Canada’s immigration minister wants to make good on mandate letter commitments for refugees and undocumented workers
We asked Sean Fraser what he personally wants to achieve during his term as Canada's minister of immigration.
There were four items on Fraser's bucket list, all found on his mandate letter, a document from the prime minister which outlines the objectives that each minister is expected to complete during their term.
"I want to successfully resettle and make good on our commitments to Afghan refugees and to Ukrainians who are in search of safe haven," Fraser told CIC News on June 21.
Canada is committed to welcoming at least 40,000 Afghan refugees. Since August 2021, about 16,370 Afghans have come to Canada. For Ukrainians fleeing from the war in Ukraine, Canada has introduced the Canada-Ukraine Authorization for Emergency Travel (CUAET). This allows Ukrainians to come to Canada temporarily. So far, 55,488 Ukrainians have landed in Canada since January 1, 2022.
Fraser also said he want to be the immigration minister who returns application processing to the service standard. Following the pandemic, IRCC's inventory across all lines of business has grown to about 2.4 million persons.
"Those are the big ticket items that everybody wants me do," Fraser said. "There's two things that I really care about—in addition to those—that I want to do while I am the minister of immigration."
Fraser first named the Employment Mobility Pathways Pilot, which allows refugee candidates who appear to have the potential to succeed in the Canadian labour market to apply under an economic immigration program.
"The EMPP, Employment Mobility Pathways Pilot, has the potential to change the way the world thinks about refugees, not as people who are in need of charity, but as people who arrive with a lot more than the contents of their suitcase," Fraser said. "We can teach people that refugee resettlement doesn't have to be motivated only by altruism, but also by our economic self-interest."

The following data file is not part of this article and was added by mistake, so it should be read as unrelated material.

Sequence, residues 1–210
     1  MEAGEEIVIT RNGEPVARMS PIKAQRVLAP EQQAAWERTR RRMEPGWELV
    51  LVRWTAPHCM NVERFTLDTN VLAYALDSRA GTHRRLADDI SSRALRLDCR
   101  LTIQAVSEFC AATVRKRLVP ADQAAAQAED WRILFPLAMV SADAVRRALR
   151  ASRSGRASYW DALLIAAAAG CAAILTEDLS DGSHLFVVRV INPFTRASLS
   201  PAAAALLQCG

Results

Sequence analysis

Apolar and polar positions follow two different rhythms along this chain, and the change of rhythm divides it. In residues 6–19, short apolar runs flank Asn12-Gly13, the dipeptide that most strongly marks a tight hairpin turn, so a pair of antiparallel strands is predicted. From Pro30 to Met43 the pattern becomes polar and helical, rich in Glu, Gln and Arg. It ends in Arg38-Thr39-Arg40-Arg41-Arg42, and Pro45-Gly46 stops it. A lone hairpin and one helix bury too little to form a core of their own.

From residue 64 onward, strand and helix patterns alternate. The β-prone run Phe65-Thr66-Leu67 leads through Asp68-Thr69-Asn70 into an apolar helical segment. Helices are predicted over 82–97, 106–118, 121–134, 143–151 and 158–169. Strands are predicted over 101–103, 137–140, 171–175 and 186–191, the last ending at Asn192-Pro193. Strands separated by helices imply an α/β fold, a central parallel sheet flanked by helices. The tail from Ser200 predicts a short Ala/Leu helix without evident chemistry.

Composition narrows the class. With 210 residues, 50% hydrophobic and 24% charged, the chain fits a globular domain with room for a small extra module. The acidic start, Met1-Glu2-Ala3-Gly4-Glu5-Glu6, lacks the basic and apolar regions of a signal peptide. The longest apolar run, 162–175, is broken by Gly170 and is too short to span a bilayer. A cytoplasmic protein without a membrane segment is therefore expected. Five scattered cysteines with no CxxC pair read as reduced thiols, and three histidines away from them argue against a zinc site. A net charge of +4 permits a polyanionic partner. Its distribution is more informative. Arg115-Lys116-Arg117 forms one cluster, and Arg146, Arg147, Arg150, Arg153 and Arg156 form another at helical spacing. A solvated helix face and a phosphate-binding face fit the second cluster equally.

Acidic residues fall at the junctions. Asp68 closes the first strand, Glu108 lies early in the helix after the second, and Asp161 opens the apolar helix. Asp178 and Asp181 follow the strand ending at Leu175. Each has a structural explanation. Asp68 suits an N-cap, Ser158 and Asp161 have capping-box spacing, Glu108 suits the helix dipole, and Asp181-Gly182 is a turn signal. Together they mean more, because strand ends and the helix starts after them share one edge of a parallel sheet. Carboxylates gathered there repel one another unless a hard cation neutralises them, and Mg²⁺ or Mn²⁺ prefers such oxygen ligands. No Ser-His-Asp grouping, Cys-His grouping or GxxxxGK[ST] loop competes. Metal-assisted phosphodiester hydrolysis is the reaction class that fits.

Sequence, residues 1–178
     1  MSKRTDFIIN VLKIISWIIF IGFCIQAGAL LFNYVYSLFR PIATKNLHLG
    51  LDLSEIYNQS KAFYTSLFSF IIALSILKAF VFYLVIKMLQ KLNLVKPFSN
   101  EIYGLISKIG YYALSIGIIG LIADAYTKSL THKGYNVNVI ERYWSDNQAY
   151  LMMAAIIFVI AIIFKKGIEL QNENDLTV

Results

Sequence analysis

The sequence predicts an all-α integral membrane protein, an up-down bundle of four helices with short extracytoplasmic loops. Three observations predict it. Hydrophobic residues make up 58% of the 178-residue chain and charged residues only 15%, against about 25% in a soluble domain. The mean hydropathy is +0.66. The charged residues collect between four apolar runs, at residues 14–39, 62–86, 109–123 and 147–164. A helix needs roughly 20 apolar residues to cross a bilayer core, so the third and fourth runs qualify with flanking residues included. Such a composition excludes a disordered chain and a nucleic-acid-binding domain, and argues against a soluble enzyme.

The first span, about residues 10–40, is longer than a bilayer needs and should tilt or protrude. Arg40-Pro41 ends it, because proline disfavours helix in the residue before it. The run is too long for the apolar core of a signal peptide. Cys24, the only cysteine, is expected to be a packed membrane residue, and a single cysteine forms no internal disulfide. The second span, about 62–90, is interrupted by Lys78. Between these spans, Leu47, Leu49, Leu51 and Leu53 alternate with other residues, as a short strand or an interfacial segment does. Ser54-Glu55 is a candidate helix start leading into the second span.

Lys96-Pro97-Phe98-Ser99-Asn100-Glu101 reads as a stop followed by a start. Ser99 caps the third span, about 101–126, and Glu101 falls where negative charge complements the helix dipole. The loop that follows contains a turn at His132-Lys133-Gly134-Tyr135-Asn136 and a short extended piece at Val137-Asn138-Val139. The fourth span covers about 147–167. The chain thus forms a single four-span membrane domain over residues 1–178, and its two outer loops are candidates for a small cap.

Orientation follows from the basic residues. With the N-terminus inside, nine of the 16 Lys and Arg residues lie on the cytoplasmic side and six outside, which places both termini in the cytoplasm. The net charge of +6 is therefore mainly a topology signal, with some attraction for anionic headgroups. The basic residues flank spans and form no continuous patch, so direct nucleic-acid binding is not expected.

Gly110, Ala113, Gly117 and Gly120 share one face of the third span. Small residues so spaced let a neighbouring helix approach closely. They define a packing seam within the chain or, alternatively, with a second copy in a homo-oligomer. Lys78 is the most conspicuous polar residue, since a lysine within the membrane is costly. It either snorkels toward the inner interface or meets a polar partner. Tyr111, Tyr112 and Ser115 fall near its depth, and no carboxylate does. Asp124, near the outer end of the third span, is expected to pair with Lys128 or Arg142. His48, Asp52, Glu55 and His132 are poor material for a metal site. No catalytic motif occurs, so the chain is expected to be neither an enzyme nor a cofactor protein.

Finally, Fraser said undocumented workers who have contributed to Canada over an extended period of time should be allowed to have status.
"I think it's the right thing to do," Fraser said. "And we're going to continue digging on a policy to amend measures on implied status to certain people who have been here for a lengthy period of time."
Special interview series with Minister Fraser
CIC News sat down with the minister on June 21, 2022.
Over the coming weeks, CIC News is releasing a special series of articles elaborating on the interview with Minister Fraser on topics including:
- Part 1: Express Entry all-program draws tentatively resuming on July 6
- Part 2: Immigration Minister Sean Fraser discusses Express Entry reforms
- Part 3: Immigration Minister: Applicants can soon expect normal service standards
- Part 4: No date set for IRCC to waive Canadian citizenship application fees
- Part 5: Will Canada welcome over 500,000 immigrants per year?
- Part 6: Immigration minister discusses new PR pathways for temporary residents
- how his life has changed since he became minister.
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